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08-23-2002, 02:09 PM
Hi everyone,

In your mind and experience, what is the single most important technique in aikido? Why?

-- Jun

08-23-2002, 02:11 PM
IMHO, Tenkan. Gets you off the line.

Until again,


Deb Fisher
08-23-2002, 02:19 PM
I don't know enough to say what's most important, but I do know that in jiyuwaza I **always** know where to find shihonage, so much so that I have a hard time introducing other techniques.


08-23-2002, 02:36 PM
I say Ikkyo, myself; it's direct, to the point, easy to control once the technique is learned. Also, it can be slapped on just about any time there's an elbow and a wrist handy (no pun intended - hee hee). It's importance - to me anyway - also lies in that it sorta represents aikido itself: When done right, it's soft, fast and irresistable. (At the seminar in Kingston, Kashiwaya Sensei used me as uke once. I came in with a shomen strike, found myself on the ground, on my stomach, pointing the other way, and NO idea how I got there. Wow.)
Recently, I've been thinking that a similar sort of argument can be made for kote-gashi as well.


08-23-2002, 03:35 PM
Getting off line PERIOD.

It is amazing how much just THAT will save your rump!

08-23-2002, 03:42 PM
Honestly, my first thought was simply... get out of the way of the attack. It's such a simple thought, one of my favorite's about the art. If you can do this consistently, you'll never be hit once. Really, what could possibly be better?

Actual technique-wise, do what works best for you. What you can respond with most effectively with instinct.. thought takes too long. This is different for everyone, and changes depends on the attack and attacker.

08-23-2002, 05:16 PM

Kevin Leavitt
08-23-2002, 05:48 PM
The ability to react and do the right thing without conscious thought is the best aikido technique!

08-23-2002, 05:51 PM
The question was technique not basic principle.
The ability to react and do the right thing without conscious thought is the best aikido technique!

Kevin Leavitt
08-23-2002, 06:53 PM
Okay you got me!

I guess if I had to choose it would be tenkan, followed by irimi.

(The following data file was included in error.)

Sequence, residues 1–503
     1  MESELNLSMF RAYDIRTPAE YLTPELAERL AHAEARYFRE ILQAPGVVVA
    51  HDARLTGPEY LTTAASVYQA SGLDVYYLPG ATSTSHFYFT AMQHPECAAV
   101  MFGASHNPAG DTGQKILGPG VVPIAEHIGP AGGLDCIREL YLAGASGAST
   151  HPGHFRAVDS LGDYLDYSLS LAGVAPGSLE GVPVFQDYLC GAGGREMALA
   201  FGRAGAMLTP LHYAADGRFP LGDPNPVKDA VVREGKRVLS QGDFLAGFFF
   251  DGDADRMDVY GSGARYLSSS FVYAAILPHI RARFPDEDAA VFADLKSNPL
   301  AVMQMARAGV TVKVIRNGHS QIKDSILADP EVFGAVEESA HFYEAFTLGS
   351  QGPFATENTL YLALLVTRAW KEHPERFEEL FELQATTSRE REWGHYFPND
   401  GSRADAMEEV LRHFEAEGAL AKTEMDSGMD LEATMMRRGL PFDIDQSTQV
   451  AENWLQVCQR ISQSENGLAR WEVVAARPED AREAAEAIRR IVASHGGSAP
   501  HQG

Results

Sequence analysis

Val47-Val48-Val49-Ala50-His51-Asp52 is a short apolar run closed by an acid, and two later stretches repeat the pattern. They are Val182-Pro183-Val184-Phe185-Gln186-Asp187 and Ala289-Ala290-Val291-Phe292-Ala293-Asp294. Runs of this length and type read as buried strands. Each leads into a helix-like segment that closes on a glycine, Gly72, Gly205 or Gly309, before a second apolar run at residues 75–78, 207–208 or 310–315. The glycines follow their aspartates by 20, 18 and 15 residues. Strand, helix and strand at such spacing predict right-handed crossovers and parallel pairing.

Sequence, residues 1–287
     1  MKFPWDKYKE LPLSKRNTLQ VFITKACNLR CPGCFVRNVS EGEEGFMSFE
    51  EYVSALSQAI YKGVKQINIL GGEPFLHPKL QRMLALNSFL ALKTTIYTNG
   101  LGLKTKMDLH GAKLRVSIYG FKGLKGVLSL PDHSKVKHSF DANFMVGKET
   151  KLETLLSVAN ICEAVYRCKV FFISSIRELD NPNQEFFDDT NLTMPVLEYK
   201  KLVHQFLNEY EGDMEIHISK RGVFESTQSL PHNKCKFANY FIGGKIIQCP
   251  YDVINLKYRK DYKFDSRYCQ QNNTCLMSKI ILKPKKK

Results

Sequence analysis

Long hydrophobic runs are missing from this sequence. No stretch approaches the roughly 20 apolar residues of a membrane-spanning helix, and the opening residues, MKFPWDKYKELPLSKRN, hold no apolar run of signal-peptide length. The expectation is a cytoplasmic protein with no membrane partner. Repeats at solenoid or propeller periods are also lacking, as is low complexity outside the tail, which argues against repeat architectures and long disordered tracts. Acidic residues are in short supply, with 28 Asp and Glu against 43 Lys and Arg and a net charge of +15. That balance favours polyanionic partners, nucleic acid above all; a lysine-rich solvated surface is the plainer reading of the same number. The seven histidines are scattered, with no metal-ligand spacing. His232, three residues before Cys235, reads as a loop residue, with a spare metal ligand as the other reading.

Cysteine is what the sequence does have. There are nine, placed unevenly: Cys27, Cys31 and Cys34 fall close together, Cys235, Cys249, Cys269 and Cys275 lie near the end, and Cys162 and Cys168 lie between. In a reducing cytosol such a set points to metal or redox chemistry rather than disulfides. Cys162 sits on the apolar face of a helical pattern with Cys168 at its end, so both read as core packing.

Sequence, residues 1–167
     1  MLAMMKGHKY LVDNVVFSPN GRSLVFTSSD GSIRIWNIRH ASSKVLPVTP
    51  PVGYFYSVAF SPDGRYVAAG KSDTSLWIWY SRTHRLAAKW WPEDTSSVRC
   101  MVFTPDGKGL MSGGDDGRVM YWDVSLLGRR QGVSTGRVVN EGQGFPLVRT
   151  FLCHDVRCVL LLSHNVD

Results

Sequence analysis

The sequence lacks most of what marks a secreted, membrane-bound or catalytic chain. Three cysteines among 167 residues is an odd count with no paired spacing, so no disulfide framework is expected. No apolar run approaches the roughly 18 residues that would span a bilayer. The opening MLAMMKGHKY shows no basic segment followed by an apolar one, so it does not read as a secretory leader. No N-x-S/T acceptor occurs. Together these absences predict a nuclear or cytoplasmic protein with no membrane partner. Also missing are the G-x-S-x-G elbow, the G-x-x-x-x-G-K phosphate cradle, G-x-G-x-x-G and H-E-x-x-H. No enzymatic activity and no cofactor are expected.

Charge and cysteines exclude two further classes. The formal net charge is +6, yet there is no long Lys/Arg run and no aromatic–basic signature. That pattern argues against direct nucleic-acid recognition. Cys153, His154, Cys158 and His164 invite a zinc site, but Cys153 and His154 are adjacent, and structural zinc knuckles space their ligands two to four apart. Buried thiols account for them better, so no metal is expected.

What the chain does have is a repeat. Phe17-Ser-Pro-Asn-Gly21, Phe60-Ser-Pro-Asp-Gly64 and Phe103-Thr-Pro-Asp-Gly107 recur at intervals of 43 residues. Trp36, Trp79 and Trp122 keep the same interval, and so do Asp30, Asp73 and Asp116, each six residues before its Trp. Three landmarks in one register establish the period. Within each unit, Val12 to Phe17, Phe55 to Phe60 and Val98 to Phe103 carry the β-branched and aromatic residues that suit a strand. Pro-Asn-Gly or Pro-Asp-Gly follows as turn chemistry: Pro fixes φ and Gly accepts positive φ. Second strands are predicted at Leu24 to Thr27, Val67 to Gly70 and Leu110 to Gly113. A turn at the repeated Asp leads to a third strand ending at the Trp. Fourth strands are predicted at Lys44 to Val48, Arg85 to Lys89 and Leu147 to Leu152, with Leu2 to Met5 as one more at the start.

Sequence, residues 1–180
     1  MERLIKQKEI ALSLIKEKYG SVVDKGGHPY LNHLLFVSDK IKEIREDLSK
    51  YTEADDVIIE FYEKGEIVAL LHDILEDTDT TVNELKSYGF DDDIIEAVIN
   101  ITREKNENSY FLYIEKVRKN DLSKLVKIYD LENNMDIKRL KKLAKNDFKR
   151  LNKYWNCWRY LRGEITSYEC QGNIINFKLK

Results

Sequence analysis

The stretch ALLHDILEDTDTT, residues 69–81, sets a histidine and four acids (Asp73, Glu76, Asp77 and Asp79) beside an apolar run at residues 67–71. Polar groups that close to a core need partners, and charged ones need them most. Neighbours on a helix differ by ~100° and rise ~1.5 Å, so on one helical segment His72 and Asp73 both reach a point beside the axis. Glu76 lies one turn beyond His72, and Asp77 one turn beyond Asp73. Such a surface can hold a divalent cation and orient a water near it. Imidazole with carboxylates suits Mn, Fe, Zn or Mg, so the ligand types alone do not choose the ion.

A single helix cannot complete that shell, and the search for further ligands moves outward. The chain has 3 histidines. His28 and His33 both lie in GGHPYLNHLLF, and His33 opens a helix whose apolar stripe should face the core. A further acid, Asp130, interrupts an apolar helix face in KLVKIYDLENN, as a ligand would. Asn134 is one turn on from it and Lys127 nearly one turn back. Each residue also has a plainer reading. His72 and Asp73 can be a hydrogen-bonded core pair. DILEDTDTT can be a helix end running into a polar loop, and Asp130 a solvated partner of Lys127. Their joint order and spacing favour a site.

Getting off the line and getting to the backside of your opponent is the most common thing to do in a "generic" situation.

from there, iriminage would probably be likely technique that would develop.

However, philosopically, you really don't know what may happen so I submit that "no mind" must exist before any physical technique, hence my initial response!

08-23-2002, 07:09 PM
Don't worry I agree - Mushin is my goal.

08-23-2002, 10:00 PM
Is Kiai (the simplistic version) a technique?

If not, then its got to be iriminage.

08-23-2002, 11:38 PM
What is shomenate?

mike lee
08-24-2002, 03:09 AM
Breathing. :ki:

P.S. As far as waza is concerned, I can only narrow it down to three: ikkyo, irimi-nage, shiho-nage.

P.P.S. O'Sensei said that there are 6,000 basic techniques in aikido, and 11 variations of each of those techniques. I never heard him name the most important one, but I've heard it said that he had students work a lot on irimi-nage -- perhaps because learning to enter is at first counter-intuitive and therefore needs more time to learn.

08-25-2002, 02:08 AM
What is shomenate?

Ray Kissane
08-26-2002, 10:03 AM
The one that I need the most improvement on. I can always do a technique I am comfortable with. But if I need to pratice on one then when it is time to use that technique in real life and I can not do it cleanly then that is the most important technique there is and I do not want it to fail me. We have to remember that uke/attacker will dictate the technique we use in response to the type of attack and the way uke has moved. I need all of my techniques to be as perfect as I can make them so that they never fail me.

Principle wise, I would say blending is the most important thing because it is one of the hardest things to get good at so that the techniques become effortless.

Ray Kissane

Tim Stanley
08-26-2002, 11:22 AM
Stepping back to the original question, "what is the single most important technique in aikido?" And, leaving out the philosophy/priniciple and staying stickly with technique, I would say irimi is the most important technique for learning to enter the attack and shihonage is the most important technique for learning to blend.

Bruce Baker
08-26-2002, 11:39 AM
Rememeber in the movie "Willow" when the little magician, Billy Barty, asks Willow which is the finger of power?

That is kind of how I see this question.

All of the responses about a technique, or practice movement are quite alright, but isn't the most important technique the ablility to continue to learn and grow ... both in physically adeptness and seeing wider context with intellectual learning?

It may not be a technique of pointing to a finger of power on the magicians hand, but realizing that you have the power of Aikido, the power of the universe itself, within you.

It may be a Zen arguemnet that is saying the right answer is the wrong answer, but what do I know? Still ... consider the possibility.

Who is the master ... I am.

Who is the servant ... I am.

What is the technique that is your favorite ... Aikido.

But that is many techniques?